I’m going to use this post to continue one series — admittedly one I’ve let lapse a bit — and kick off a new series.
First off, the new series. Earlier this season, I was reading the comments on an article that had something to do with the Yankees, and someone said that Gleyber Torres was the best Yankees prospect since Mickey Mantle. This got two immediate reactions from me: 1) Hyperbole from a Yankees fan? How shocking… and 2) I’m in my 44th season of following baseball and I’ve seen my share of “Next Mickey Mantles” come and go.
But then I paused and thought that it might be fun to do an occasional series on the various “Next Mickey Mantles” who – spoiler alert! – were not Mickey Mantle. We’re going to start off with Tom Tresh, who was before my time but was among the first, if not the first “next Mickey Mantle”.
Going into the 1962 season, the Yankees learned that starting shortstop Tony Kubek would be called into active military duty, and Tom Tresh won the starting job in spring training. Tresh had a breakout rookie season, batting .286 with 94 runs, 93 RBI, 26 doubles and 20 homers, even while shifting to left field in August because of Kubek’s return. Along with his impressive rookie stats, Tresh would make the All-Star team, win Rookie of the Year and continue his performance into the postseason where he hit a game-winning homer in Game 5 of the World Series and making a key catch off of Willie Mays in Game Six.
Tresh stayed in the outfield for 1963, spelling Mickey Mantle when the HOFer was injured, made another all-star team and hit two homers in the World Series against St. Louis.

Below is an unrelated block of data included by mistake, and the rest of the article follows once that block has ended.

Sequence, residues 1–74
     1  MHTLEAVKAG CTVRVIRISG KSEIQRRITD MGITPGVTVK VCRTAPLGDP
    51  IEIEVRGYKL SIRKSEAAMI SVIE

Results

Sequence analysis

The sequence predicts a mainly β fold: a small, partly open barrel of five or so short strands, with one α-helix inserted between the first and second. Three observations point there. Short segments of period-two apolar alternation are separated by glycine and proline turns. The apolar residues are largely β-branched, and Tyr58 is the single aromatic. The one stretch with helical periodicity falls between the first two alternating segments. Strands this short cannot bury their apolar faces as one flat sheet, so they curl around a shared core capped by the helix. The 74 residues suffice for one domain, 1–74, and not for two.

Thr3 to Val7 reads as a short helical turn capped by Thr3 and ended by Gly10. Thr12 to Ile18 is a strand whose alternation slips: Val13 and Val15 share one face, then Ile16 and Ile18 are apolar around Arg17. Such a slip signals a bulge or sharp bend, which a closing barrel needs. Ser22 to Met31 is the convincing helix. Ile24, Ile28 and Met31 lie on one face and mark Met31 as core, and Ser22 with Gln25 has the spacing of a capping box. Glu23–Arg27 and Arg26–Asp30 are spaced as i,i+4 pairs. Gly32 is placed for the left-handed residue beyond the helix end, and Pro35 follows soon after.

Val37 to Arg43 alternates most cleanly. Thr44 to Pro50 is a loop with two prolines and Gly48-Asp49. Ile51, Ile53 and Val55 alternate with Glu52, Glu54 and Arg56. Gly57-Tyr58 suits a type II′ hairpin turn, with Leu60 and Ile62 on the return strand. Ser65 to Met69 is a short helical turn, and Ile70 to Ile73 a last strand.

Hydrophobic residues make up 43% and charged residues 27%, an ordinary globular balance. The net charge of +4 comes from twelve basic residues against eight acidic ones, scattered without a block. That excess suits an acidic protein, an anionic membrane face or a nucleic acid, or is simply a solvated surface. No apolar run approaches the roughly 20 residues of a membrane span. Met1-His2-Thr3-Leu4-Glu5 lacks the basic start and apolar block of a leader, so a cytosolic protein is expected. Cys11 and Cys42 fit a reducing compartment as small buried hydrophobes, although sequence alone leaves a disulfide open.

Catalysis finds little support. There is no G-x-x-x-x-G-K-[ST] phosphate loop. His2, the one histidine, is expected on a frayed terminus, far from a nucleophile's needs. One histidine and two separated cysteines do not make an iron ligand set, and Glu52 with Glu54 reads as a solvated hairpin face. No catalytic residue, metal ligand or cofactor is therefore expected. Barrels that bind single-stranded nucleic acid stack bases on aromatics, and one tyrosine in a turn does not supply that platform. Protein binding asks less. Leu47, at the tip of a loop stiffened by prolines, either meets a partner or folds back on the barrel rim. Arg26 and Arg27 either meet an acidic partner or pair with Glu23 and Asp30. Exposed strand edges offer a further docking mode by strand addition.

Over the next few years, Tresh would win a Gold Glove and maintain his hitting prowess, but the Yankees dynasty was crumbling around him as the team went from pennant winners in 1964 to basement dwellers in 1966 (cue Edith & Archie Bunker: “Those were the DAYS!”) During Spring Training of 1967 Tresh tore up his knee but had been asked/told to play through it. This turned out to be a turning point in his career as his performance during the season would suffer greatly and even after post-season surgery, he would never be the same.
…And now to the “Guy Before The Guy” part. During Tresh’s 9 years in pinstripes, he wore #15. His Yankee career ended in June 1969 when his request to be traded to the Tigers was fulfilled (Tresh was from Michigan). A couple of months later, the Yankees gave #15 to a promising young catcher they’d called up to fill in while backup catcher Frank Fernandez was fulfilling his military obligation… That prospect would go on to be the 1970 A.L. Rookie of the year, 1976 A.L. MVP, a 7-time all-star and 3-time Gold Glove winning Thurman Munson.
The Yankees retired Munson’s number after his tragic death in 1979, so Tom Tresh is the player who had a number before the player for whom the number was retired…. in other words, Tom Tresh was “The Guy Before The Guy”.